ICO re-opens Google Street View probe in the UK

An earlier report from the FCC published in April 2012 effectively cleared Google of ‘wiretapping’ in the US. “Based on careful review of the existing record and applicable law, the bureau will not take enforcement action,” concluded the report.

However, the report notes that a ‘rogue engineer’ intentionally included code designed to capture payload data, and that this engineer told two other engineers, including a senior manager, that he was indeed collecting payload data. The rogue engineer invoked the 5th Amendment and declined to speak to the FCC. The end result was that the FCC fined Google the rather paltry sum of $25,000 for obstructing its investigation, but concluded that Street View had broken no laws.

However, it is this unanswered question about the actual extent of Google’s knowledge about the collection of payload data that has now led the ICO to write to Google for more information. In 2010 it had earlier “concluded that sensitive personal data had not been captured, nor was there detriment to individuals.” The problem for both Google and the ICO now is that in exonerating Google from law-breaking in the US, the FCC report demonstrates that the UK conclusion had been based on a questionable premise: that Google managers actually knew nothing about the data collection, that it had not been collected intentionally, and that it had never been analyzed.

Now the ICO has made a new seven point demand for further information from Google. It wants to know exactly what data was collected, when Google managers became aware of the issue and what they did about it, and why personal data was not included in the sample of data provided by Google in the ICO’s earlier investigation. It also wants copies of the original software design document, and concludes with a request for a prompt response and “copies of the certificate of destruction relating to the captured payload data.”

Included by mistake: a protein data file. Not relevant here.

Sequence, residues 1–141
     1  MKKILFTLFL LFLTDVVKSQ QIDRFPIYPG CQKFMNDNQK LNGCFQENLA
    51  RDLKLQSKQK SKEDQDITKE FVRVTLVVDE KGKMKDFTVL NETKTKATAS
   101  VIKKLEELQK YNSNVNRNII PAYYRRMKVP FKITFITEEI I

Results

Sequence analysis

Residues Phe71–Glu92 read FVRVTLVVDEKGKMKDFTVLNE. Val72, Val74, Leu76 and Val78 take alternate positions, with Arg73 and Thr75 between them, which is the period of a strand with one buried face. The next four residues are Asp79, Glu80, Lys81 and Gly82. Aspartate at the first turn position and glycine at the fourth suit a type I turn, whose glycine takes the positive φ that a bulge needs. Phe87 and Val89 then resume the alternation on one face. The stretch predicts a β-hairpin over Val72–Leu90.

Response to this news in the UK has been varied, with privacy campaigners taking a rather different view to lawyers. Nick Pickles, director of civil liberties campaign group Big Brother Watch, said, “the ICO must now take every step to get to the bottom of just how many British people’s privacy was trampled on by Google. It is also essential that Google explain why the explanation it gave in 2010 and the data prepared for the ICO deliberately concealed what had really happened.” Pickles also criticises the ICO, and adds, “The investigation must now be pursued with the vigor sadly lacking in 2010...”

However, in a prescient blog published the day before the ICO’s letter to Google, lawyers at Amberhawk Training Ltd said that the FCC report and a more recent Swiss judgement on the same issue would change things for the ICO. “The Swiss Federal Supreme Court (Bundesgericht), the highest Swiss court, said that Street View was mostly compliant with Swiss data protection law and can continue to operate,” explain other lawyers from Pinsent Mason. The Swiss judgement merely asks for more efficient data protection in the Street View process.

“For the ICO, the FCC findings are an embarrassment,” says Amberhawk. However, it goes on to comment, “Assuming that Google has deleted the personal data (under ICO instructions) it is rather difficult for the ICO to now turn the clock back or indeed prove anything. However, I think the Federal Swiss Court decision gives the ICO an ‘out’ (if he needs one); all he does is get Google to implement something similar the Court’s conclusions in the UK.”

 

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